Enva opens ash recycling plant in Scotland

Waste management company Enva has opened a 20,000 tonnes per year capacity ash recycling facility in Paisley, Scotland.

Enva ash recycling
(l-r) Les Spiteri (Laplace Solutions), Scott Newport (Enva), Mhairi Black (MP for Paisley and Renfrewshire South), Michelle Scott (Enva), Laurie Clark (ASCH), John Stewart (ASCH), Mags MacLaren (ward councillor, Paisley Northwest)

The plant, which Enva says cost £1.5 million, will treat fly ash from biomass and energy from waste (EfW) facilities which otherwise would be “destined for hazardous landfill sites”.

The plant will wash the ash and remove contaminants, before combining it with other materials to create a form of concrete.

The facility is being delivered in partnership with Anglo Scottish Concrete Holdings (ASCH), a concrete and aggregate supply firm. Ash will be supplied under contract from a mixture of Enva’s facilities and external contracts.

Mhairi Black, Scottish National Party MP for Paisley and Renfrewshire South, opened the facility today (29 June).

She said: “Enva’s ash recycling plant showcases how Scottish businesses are innovating and driving the development of the circular economy.

“In addition to the clear environmental benefits, investment in these sustainable technologies creates jobs and helps to support local economies.

“This is only the start of the journey and I look forward to seeing how this exciting facility develops over the coming months and years.”

SEPA

Enva says it recently received confirmation from the Scottish Environment Protection Agency (SEPA) that it has upgraded the classification of recycled aggregate from a ‘deregulated material’ to full ‘end of waste’ status. “Significantly, this helps to market and position the product alongside its virgin counterparts,” Enva said.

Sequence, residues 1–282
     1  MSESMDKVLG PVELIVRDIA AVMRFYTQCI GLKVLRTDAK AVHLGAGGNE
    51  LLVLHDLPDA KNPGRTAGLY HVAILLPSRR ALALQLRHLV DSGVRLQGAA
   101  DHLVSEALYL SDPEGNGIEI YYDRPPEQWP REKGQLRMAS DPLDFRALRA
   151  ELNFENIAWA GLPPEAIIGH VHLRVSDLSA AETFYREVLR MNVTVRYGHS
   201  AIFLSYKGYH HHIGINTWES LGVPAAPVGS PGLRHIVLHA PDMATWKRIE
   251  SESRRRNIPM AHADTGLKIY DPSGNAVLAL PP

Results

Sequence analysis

In parallel, Enva is also working closely with local construction companies to supply a new sand replacement product for several applications which it says will further help to reduce the carbon footprint from quarried materials and their transportation.

The environmental benefits of recycling fly ash are compelling

 – Tom Walsh, CEO, Enva

Enva’s CEO, Tom Walsh, said: “The environmental benefits of recycling fly ash are compelling. Every tonne of recycled aggregate produced by this plant reduces demand for quarried materials by the same amount and working with ASCH can offset 200-300kg of virgin material in every tonne of concrete manufactured.

“In addition to the clear benefits of reducing waste to landfill the use of this recycled product enables construction companies to utilise secondary resources with comparable characteristics and qualities to those of virgin materials.

“Providing a solution that manages waste near to its point of production also has clear benefits. Reducing the associated haulage has saved an estimated 950,000kg of CO2.”

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